Biggest war criminal of 21st century?

Edited 2 months, 23 days ago

Poll: Biggest war criminal of 21st century? (26 votes)

George Bush 31%
Tony Blair 4%
Other (Please say) 65%

Biggest war criminal of the 21st century?

#1 Posted by jasean79 (2241 posts) -

Osama bin Laden

#2 Posted by themajormayor (25646 posts) -

Probably Hitler, Stalin or Mao.

#3 Posted by jasean79 (2241 posts) -

Probably Hitler, Stalin or Mao.

That was 20th century. Just saying.

#4 Posted by Aljosa23 (24305 posts) -

Donald Rumsfeld

#5 Edited by GazaAli (22491 posts) -

Its a fierce contest between the IDF and U.S army

#6 Posted by speedfreak48t5p (6193 posts) -

seahorse123

#7 Posted by GazaAli (22491 posts) -

And for the biggest fascist of the 21st century I nominate the Muslim Brotherhood.

#8 Edited by robokill (1064 posts) -

The international bankers, they get third world countries to takeout loans that have clauses in them that force them into further indebtedness that eventually leads the third world countries into buying weapons from the bankers business associates. Get rid of these bankers and every major war since WW1 wouldn't have happened. Most people are programmed into thinking they are ambivalent but the reality is much different.

Lenin was trained by these bankers in New York, his real name isn't even Lenin.

#9 Posted by plageus900 (925 posts) -
#10 Posted by GazaAli (22491 posts) -

@Aljosa23 said:

Donald Rumsfeld

This.

I know that Donald Rumsfeld is the U.S' secretary of defence but I decided to google him anyway. I found this:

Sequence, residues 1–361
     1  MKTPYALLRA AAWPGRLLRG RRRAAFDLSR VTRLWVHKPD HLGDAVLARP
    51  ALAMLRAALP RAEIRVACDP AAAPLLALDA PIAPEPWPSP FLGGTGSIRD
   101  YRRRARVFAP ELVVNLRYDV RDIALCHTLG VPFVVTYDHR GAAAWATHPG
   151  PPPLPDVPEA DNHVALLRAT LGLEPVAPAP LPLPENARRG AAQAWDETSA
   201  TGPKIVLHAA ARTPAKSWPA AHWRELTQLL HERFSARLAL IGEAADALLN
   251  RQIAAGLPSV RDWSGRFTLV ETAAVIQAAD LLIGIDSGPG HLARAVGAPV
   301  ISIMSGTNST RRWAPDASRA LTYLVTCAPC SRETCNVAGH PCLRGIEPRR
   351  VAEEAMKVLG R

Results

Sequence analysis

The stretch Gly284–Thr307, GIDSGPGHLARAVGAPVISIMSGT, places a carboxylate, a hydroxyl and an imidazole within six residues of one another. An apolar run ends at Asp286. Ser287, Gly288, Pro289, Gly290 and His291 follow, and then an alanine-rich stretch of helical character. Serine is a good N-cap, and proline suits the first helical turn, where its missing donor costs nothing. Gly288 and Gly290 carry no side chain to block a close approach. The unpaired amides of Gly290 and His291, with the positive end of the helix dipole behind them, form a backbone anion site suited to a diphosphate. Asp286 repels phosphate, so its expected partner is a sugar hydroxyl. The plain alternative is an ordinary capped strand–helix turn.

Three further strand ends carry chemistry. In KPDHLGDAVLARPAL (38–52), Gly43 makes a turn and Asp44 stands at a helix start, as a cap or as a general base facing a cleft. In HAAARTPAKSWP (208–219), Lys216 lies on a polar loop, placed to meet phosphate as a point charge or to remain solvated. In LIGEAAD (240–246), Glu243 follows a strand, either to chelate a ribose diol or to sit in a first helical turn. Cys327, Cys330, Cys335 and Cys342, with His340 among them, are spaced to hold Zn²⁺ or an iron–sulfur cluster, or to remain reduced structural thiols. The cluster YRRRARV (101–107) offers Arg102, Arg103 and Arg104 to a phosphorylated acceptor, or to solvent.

"Rumsfeld served as the 13th Secretary of Defense from 1975 to 1977 under President Gerald Ford, and as the 21st Secretary of Defense from 2001 to 2006 under President George W. Bush"

How the fuck could that be? Strange.

#11 Posted by plageus900 (925 posts) -

@GazaAli said:

@plageus900 said:

@Aljosa23 said:

Donald Rumsfeld

This.

I know that Donald Rumsfeld is the U.S' secretary of defence but I decided to google him anyway. I found this:

"Rumsfeld served as the 13th Secretary of Defense from 1975 to 1977 under President Gerald Ford, and as the 21st Secretary of Defense from 2001 to 2006 under President George W. Bush"

How the fuck could that be? Strange.

He's an old fuck. He was in his 40's the first time he served as Secretary of Defense.

#12 Edited by whipassmt (13831 posts) -

@GazaAli said:

@plageus900 said:

@Aljosa23 said:

Donald Rumsfeld

This.

I know that Donald Rumsfeld is the U.S' secretary of defence but I decided to google him anyway. I found this:

"Rumsfeld served as the 13th Secretary of Defense from 1975 to 1977 under President Gerald Ford, and as the 21st Secretary of Defense from 2001 to 2006 under President George W. Bush"

How the fuck could that be? Strange.

He's an old fuck. He was in his 40's the first time he served as Secretary of Defense.

He is actually both the youngest and the oldest person to serve as Secretary of Defense in American history, though the position may be relatively new (I think for most of America's history the title was Secretary of War, not defense.

#13 Edited by foxhound_fox (86922 posts) -

Omar al-Bashir, in terms of pure numbers.

#14 Posted by whipassmt (13831 posts) -

I was originally going to say Saddam Hussein, but Omar al Bashir might be a better choice.

#15 Edited by themajormayor (25646 posts) -

@jasean79 said:

@themajormayor said:

Probably Hitler, Stalin or Mao.

That was 20th century. Just saying.

Are you sure?

#16 Posted by Iszdope (9415 posts) -
#17 Posted by 4myAmuzumament (1743 posts) -

Kony 2012

#18 Posted by Aljosa23 (24305 posts) -
#19 Posted by themajormayor (25646 posts) -

@Aljosa23 said: